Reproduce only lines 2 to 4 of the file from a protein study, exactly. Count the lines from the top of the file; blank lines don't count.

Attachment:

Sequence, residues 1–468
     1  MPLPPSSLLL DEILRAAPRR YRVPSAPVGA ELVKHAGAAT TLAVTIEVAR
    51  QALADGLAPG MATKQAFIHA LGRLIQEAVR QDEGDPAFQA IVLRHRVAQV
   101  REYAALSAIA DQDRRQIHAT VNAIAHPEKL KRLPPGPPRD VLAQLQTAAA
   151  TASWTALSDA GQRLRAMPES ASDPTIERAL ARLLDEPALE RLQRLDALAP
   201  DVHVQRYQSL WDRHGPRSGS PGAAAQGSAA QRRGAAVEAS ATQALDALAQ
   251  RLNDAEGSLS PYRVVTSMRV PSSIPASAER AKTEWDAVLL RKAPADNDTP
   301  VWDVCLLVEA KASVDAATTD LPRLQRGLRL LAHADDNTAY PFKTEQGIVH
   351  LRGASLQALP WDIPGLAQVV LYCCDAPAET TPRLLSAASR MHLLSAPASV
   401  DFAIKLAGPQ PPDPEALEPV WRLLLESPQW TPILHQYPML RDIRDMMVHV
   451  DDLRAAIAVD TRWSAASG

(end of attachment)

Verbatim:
     1  MPLPPSSLLL DEILRAAPRR YRVPSAPVGA ELVKHAGAAT TLAVTIEVAR
    51  QALADGLAPG MATKQAFIHA LGRLIQEAVR QDEGDPAFQA IVLRHRVAQV
   101  REYAALSAIA DQDRRQIHAT VNAIAHPEKL KRLPPGPPRD VLAQLQTAAA